Recovery from toxemia took longer than I expected. I suppose I really didn’t appreciate how sick I was. Prior to this experience, the only illnesses I ever experienced were brushes with common ailments such as the flu. This experience taught me to count my blessings: family, health, faith, and a positive outlook.

Isn’t it interesting how the birth of a child can teach us so much about ourselves and about the world?

Happy Birthday to my Issa!

365: Weekends and Sick Days

Fever-Ravaged Weekend

It all started on Friday with Riff. He took the day off from school to battle a bad cough, runny nose and his newly-organized closet. Riff is not the easiest patient because he refuses to nap when he feels yucky. This translates into cranky, wrecking-ball-like behavior. Hence, the closet I spent cleaning last week, now looks like the Tasmanian Devil ripped a good one in there.

After running all over the place with me, Saturday, Issa started showing signs of illness. I pulled out the thermometer. 102.7 degrees. Go figure. I had just made reservations for she and Riff to hunt Easter eggs at our local nature center on Sunday afternoon. Admittedly, Issa’s quick turn for the couch and her favorite movies blindsided me. Earlier, she performed her gymnastics routines with zeal and enjoyed reading about the solar system during a visit to the library.

In addition to the egg hunt, our fun-packed Sunday plans had included dinner with my parents. It was sad to postpone this date because Grandma and Grandpa have been in Florida since the end of February.

Sick Monday Giggles

Hot temperatures were not exactly raging outside our home. In fact, we received about two inches of wet snow. But, inside, Issa’s fever spiked along with her interest in procuring a metal detector.

While eating lunch, Issa was watching Journey to the Edge of the Universe. A metal detector advertisement comes on and prompts Issa to ask if I want one. I tell her no. Issa then says she’ll need to figure out how to get one. In other words, a plan is in the works for attempted parental manipulation. I can see it now. The rush is on to unearth the riches of beer cans and bottle caps at Stoney Creek Metro Park this summer.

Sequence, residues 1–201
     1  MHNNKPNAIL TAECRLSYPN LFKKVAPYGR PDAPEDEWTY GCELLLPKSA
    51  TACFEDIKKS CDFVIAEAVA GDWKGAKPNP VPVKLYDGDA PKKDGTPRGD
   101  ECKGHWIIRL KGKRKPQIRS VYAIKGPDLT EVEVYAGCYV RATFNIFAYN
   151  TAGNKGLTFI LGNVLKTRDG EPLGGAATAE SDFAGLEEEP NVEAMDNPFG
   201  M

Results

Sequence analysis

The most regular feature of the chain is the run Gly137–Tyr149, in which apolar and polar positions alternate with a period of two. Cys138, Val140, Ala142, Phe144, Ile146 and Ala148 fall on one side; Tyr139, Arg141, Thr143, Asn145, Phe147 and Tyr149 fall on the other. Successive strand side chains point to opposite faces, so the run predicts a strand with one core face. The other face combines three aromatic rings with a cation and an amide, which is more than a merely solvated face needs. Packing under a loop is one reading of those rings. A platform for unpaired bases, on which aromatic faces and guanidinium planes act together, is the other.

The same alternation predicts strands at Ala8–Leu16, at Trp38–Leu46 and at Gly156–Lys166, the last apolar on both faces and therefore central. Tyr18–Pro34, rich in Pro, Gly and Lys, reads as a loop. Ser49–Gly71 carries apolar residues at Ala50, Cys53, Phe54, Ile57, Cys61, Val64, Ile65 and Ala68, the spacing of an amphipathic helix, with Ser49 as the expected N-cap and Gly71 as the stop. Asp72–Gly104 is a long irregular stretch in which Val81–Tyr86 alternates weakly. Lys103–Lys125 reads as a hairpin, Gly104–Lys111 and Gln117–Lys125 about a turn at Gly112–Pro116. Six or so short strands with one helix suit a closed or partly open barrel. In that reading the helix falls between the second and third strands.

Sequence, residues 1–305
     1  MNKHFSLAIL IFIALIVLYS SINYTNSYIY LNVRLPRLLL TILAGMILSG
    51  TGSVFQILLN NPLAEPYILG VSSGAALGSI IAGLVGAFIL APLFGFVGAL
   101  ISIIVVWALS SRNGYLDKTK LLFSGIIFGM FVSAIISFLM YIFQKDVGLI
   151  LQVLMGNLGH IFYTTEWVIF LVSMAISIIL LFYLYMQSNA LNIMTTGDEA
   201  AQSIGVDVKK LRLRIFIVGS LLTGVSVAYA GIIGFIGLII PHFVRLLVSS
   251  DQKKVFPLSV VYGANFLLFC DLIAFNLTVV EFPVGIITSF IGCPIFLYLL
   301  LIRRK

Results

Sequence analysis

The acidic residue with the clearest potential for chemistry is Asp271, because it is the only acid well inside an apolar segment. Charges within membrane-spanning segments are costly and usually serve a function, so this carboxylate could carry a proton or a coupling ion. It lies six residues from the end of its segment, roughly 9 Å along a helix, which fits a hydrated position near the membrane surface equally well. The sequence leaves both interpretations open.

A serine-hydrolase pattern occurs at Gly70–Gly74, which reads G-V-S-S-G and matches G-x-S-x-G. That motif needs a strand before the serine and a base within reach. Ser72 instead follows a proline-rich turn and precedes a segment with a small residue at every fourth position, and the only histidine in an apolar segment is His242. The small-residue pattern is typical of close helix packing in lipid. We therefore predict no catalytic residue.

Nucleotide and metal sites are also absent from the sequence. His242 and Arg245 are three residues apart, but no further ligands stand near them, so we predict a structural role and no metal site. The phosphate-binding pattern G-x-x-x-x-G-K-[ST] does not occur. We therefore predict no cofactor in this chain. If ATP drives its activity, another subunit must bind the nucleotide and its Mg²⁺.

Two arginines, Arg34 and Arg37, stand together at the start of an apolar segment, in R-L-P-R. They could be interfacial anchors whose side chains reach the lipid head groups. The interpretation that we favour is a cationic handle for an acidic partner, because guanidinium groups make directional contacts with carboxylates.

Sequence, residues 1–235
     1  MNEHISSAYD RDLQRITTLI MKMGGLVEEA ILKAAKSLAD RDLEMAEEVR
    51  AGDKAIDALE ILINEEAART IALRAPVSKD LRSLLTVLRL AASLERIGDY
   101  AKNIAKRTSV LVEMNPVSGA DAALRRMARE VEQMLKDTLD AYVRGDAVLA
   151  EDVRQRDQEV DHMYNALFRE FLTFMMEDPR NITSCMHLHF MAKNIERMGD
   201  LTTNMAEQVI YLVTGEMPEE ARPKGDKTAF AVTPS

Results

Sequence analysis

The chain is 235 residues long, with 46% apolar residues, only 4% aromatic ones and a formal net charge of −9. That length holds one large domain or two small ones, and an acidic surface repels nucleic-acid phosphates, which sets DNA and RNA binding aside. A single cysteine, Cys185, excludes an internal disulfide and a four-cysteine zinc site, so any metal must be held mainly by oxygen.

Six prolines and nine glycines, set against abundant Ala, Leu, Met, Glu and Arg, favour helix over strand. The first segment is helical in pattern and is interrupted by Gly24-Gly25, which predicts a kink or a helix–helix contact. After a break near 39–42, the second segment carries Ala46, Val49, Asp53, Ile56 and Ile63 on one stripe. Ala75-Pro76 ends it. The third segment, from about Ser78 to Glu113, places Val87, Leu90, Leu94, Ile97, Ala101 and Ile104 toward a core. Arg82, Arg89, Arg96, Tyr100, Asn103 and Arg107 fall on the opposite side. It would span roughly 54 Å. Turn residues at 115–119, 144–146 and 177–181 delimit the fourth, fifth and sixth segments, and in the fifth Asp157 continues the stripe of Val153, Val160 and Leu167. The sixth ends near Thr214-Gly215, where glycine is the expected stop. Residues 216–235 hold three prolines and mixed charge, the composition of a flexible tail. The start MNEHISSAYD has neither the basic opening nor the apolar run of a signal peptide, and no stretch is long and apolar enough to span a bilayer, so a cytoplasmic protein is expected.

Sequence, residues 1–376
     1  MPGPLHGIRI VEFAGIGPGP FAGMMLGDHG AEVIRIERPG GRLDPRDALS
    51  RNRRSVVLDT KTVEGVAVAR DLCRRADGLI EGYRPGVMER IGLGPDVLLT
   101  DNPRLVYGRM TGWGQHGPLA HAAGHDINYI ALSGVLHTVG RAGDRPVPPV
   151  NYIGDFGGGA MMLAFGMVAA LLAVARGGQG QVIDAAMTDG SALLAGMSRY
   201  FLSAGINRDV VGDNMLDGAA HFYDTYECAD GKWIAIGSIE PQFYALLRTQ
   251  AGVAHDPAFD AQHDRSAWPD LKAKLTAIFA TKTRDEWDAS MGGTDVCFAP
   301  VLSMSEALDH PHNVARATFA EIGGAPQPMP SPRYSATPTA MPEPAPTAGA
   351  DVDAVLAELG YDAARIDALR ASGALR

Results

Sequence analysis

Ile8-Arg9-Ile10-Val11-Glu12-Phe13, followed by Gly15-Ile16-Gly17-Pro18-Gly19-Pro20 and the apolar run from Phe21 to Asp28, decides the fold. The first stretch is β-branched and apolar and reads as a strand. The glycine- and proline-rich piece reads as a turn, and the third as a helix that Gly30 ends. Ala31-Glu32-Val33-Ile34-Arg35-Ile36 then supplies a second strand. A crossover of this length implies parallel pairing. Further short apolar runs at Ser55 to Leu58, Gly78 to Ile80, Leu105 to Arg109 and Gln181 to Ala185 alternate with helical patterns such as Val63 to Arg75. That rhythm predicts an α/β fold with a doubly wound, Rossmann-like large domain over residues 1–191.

Defiance Test Review

The “professor” evaluated my solution for problem #3 on that Defiance Test I am taking. So far, it looks like a viable solution. Issa came home with two days of “good” behavior reports from her teacher. I know my husband and I have more problems to solve on this test. But, at least, we earned a break and can move forward to the next problem.

Thoughts About People and Connections

Impress upon me your image, your words, your intelligence, your sense of humor, your touch, your lips, your love.

I believe people come into our lives for a purpose. Sometimes that purpose is for a lifetime, a single-serving encounter, or a mere flash to our senses.

On Saturday, after completing a Zumba workout at my local dance studio, a classmate and I decided to cool off with a two-mile walk on the Clinton-Macomb trail. Access to the trail, was just across the street from the dance studio.

As we walked, the two of us conversed about children, parents, death, illness, coping with adversity, prayer, pets and cleaning out household clutter. Anyone listening would have thought we had known each other for decades. Despite our brief acquaintance, all conversations touched on such a deep level. I made myself stop and really listen to the significance of the words being exchanged.

With some people, it takes a lifetime to truly understand their connection with us. With others, it takes an addiction to Zumba and a two-mile cool-off.